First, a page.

An op-amp can facilitate a very simple low-pass audio filter, just by adding a capacitor to the basic inverting circuit previously shown in Figure 7-6. The filter schematic is shown in Figure 7-11. Capacitor C1 is chosen with a value that passes higher audio frequencies and blocks lower audio frequencies. Because the gain of the basic invert- ing circuit is approximately −(R2 / R1), the op- amp functions normally when the impedance of C1 is blocking the low frequencies, forcing them to pass through R2. Higher frequencies, however, are able to bypass R2 through C1, lowering the effective resistance of the feedback section of the circuit, thus reducing its gain. This way, the power of the op-amp is greatly reduced for higher frequencies compared with lower frequencies. A passive RC circuit could achieve the same effect, but would attenuate the signal, while the op- amp circuit boosts part of it.
Figure 7-10. The addition of a capacitor at the input of an op-amp is often necessary to prevent any DC voltage off- set being amplified. In the upper section of this figure, a DC offset is large enough to force the inverted output to its negative limit, and the signal is completely lost.
A simple high-pass filter can be created by adding a capacitor to the basic noninverting circuit previously shown in Figure 7-7. The filter schematic is shown in Figure 7-12. Once again capacitor C1 is chosen with a value that passes higher audio frequencies and blocks lower audio frequencies. Because the gain of the basic non- inverting circuit is approximately 1 + (R2 / R1), the op-amp functions normally when the impedance of C1 is blocking the low frequencies, forcing them to pass through R1. Higher frequencies, however, are able to bypass R1 through C1, lowering the effective resistance of that section of the circuit, thus reducing the negative feedback and increasing the gain. This way, the power of the op-amp is increased for higher frequencies compared with lower frequencies. A passive RC circuit could achieve the same effect, but would attenuate the signal, while the op-amp circuit boosts part of it.
Figure 7-12. A very basic high-pass filter, which works by allowing capacitor C1 to bypass resistor R1 at higher audio frequencies.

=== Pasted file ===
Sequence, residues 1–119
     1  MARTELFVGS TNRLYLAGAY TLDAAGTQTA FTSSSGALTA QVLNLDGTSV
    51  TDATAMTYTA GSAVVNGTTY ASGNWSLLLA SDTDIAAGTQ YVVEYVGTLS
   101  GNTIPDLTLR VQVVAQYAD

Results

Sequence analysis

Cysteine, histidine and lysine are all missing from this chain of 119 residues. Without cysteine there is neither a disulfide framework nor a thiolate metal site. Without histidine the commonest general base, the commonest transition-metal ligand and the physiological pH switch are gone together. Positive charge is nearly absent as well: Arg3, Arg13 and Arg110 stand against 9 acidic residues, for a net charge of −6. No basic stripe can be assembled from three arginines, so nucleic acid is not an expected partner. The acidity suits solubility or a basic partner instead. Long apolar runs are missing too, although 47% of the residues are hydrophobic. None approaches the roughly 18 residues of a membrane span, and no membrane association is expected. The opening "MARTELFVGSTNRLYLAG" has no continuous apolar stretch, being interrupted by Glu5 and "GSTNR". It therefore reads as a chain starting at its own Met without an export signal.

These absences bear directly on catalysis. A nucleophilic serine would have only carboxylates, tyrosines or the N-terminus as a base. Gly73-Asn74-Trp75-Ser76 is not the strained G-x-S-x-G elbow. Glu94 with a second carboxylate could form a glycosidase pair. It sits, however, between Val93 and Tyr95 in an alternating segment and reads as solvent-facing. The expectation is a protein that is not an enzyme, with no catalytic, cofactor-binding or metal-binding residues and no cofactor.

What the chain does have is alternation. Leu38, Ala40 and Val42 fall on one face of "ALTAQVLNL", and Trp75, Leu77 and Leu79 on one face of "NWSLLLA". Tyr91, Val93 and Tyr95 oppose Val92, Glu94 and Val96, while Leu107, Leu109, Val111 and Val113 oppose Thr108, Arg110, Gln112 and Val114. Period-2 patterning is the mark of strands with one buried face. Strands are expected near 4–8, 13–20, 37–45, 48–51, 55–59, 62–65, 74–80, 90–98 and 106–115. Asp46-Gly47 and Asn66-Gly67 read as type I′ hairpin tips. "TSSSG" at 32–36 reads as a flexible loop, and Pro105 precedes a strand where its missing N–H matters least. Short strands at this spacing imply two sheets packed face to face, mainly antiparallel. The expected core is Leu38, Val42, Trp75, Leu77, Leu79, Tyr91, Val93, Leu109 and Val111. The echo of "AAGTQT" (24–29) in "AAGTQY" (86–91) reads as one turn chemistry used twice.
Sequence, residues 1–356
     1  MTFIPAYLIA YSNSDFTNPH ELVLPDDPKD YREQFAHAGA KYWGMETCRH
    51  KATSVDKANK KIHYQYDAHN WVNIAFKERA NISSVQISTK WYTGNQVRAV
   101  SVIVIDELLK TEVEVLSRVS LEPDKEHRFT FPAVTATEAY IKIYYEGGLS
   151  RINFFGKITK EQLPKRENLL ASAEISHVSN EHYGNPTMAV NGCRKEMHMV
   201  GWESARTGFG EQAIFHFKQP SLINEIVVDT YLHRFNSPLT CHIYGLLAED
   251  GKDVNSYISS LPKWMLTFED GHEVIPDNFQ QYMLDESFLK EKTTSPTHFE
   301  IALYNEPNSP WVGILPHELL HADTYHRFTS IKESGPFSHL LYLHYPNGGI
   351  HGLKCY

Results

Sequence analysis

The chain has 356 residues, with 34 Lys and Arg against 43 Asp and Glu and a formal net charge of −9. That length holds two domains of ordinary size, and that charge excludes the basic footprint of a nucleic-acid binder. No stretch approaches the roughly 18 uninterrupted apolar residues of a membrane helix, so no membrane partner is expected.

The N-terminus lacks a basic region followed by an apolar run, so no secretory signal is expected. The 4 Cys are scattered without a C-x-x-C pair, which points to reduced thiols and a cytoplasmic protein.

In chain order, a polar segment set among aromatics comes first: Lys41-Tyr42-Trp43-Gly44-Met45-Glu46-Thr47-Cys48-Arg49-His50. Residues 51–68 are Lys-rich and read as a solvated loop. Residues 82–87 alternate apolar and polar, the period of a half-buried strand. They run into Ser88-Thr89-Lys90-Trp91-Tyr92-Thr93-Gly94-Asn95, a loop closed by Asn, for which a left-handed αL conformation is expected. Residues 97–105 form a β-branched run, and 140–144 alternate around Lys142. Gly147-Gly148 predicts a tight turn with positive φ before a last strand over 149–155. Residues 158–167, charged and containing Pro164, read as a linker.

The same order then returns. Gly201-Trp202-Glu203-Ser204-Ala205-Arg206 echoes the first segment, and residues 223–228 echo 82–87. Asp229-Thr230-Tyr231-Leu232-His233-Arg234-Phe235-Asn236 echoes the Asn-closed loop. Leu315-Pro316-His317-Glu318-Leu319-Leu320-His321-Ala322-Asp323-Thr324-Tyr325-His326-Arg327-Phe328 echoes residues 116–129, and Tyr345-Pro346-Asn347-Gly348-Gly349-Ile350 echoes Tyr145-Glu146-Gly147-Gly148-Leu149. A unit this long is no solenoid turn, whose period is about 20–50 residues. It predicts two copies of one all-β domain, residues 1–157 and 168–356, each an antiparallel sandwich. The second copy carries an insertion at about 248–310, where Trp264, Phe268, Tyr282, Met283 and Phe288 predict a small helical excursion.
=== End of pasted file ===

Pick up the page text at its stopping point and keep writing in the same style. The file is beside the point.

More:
The schematic in Figure 7-13 is similar to the circuit shown in Figure 6-12 using a comparator. It functions as a relaxation oscillator, which is a form of astable multivibrator. The lower half of the circuit is a positive feedback loop that reinforces the output while the upper half of the circuit is charging the capacitor. Eventually the charge on the capacitor exceeds the voltage on the noninverting input of the op-amp, creating negative feed- back that exceeds the positive feedback. The capacitor discharges and the cycle repeats. The component values in the figure should generate an output that runs at around 2Hz. Reducing the value of the capacitor will increase the frequency.
A few op-amps are designed to work from single voltages, but they are a relatively small minority, and will clip the output signal if the input goes negative. Power supplies are readily available that provide multiple voltages such as +15VDC, 0V, and -15VDC. They are ideal for driving an op- amp—but may not be useful for any other com- ponents in the circuit. Can an op-amp that is de- signed for dual voltages be made to run from a single supply, such as 30VDC?
This is relatively easy to do. The op-amp simply needs a potential difference to power its internal transistors, and 30VDC on the V+ pin with 0VDC on the V− pin will work just as well as +15VDC and -15VDC. However, referring back to Figure 7-6, if the op-amp is used in inverting mode, an intermediate voltage must be supplied to the noninverting input. Likewise, in noninverting mode, an intermediate voltage is necessary for one of the inputs, and must be half-way
between the extremes of the power supply. If the supply is +15VDC and -15VDC, the midpoint is 0V. If the supply is 30VDC and 0V, the midpoint is 15VDC.